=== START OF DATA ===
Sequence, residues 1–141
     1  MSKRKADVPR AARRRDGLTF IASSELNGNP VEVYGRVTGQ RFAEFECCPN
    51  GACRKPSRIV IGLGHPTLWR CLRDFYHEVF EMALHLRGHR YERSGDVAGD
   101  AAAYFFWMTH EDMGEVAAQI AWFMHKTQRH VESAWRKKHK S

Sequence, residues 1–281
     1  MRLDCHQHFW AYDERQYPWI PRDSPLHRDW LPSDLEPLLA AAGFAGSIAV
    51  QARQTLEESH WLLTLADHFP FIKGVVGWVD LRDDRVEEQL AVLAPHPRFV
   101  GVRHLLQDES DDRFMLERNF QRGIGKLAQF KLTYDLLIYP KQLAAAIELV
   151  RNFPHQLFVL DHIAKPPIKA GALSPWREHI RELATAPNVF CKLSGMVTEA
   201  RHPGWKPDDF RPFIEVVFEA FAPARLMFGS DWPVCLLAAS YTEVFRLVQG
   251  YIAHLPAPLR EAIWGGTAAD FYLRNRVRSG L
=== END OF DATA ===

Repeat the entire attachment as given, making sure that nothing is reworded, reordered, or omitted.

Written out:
Sequence, residues 1–141
     1  MSKRKADVPR AARRRDGLTF IASSELNGNP VEVYGRVTGQ RFAEFECCPN
    51  GACRKPSRIV IGLGHPTLWR CLRDFYHEVF EMALHLRGHR YERSGDVAGD
   101  AAAYFFWMTH EDMGEVAAQI AWFMHKTQRH VESAWRKKHK S

Sequence, residues 1–281
     1  MRLDCHQHFW AYDERQYPWI PRDSPLHRDW LPSDLEPLLA AAGFAGSIAV
    51  QARQTLEESH WLLTLADHFP FIKGVVGWVD LRDDRVEEQL AVLAPHPRFV
   101  GVRHLLQDES DDRFMLERNF QRGIGKLAQF KLTYDLLIYP KQLAAAIELV
   151  RNFPHQLFVL DHIAKPPIKA GALSPWREHI RELATAPNVF CKLSGMVTEA
   201  RHPGWKPDDF RPFIEVVFEA FAPARLMFGS DWPVCLLAAS YTEVFRLVQG
   251  YIAHLPAPLR EAIWGGTAAD FYLRNRVRSG L